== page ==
AAOS2017: Debridement vs. observation of chondral lesions encountered during meniscectomy

Study Type: Randomized Trial
OE Level of Evidence: N/A
Journal Level of Evidence: N/A
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190 patients undergoing partial meniscectomy during which chondral lesions were identified were randomized to either debridement or no debridement of the chondral lesions. Patients were followed up for 12 months postoperatively for clinical scores related to pain, function, and quality of life. At 12 months, Please login to view the rest of this report. Please login to view the rest of this report.
Why was this study needed now?
Chondral lesions are often encountered during meniscectomy procedures. While debridement can be performed on these lesions during the surgical procedure it is unknown if it provides significant benefit over simple observation.
What was the principal research question?
When chondral lesions are found during partial meniscectomy, is there any significant difference in clinical outcome after 1 year between those which are debrided versus left for observation?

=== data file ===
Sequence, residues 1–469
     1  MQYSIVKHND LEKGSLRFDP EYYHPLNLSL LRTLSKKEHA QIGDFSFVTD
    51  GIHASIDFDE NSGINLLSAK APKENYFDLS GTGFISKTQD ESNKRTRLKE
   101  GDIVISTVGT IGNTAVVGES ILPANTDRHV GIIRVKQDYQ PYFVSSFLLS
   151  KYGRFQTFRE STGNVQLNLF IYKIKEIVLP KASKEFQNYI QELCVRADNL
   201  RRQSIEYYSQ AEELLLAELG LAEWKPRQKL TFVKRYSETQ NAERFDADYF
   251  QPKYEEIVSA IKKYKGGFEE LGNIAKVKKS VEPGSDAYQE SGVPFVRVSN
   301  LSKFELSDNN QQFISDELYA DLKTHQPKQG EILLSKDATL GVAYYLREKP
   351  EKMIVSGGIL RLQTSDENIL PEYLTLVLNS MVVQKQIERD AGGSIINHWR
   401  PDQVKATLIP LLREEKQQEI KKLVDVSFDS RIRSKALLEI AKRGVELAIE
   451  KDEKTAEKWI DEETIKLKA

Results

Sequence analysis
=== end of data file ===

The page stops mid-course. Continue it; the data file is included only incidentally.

Population: 190 patients undergoing partial meniscectomy and intraoperative identification of Outerbridge grade II-IV chondral lesions.
Intervention: CL-Deb group: During surgery, debridement was performed for identified chondral lesions. (n=98)
Comparison: CL-noDeb group: Debridement was not performed for chondral lesions. (n=92)
Outcomes: The primary outcome was the Western Ontario and McMaster Universities Osteoarthritis Index (WOMAC) pain score. Secondary clinical scores included the WOMAC function and stiffness subscales, the Knee Injury and Osteoarthritis Outcomes Score (KOOS), a visual analog scale (VAS) for pain, and the Short Form 36-Item General Health Survey (SF-36).
Methods: RCT
Time: Follow-up scheduled for 8-12 days, 6 weeks, 3 months, 6 months, and 1 year postoperatively.
What were the important findings?
What should I remember most?
How will this affect the care of my patients?
The authors responsible for this critical appraisal and ACE Report indicate no potential conflicts of interest relating to the content in the original publication.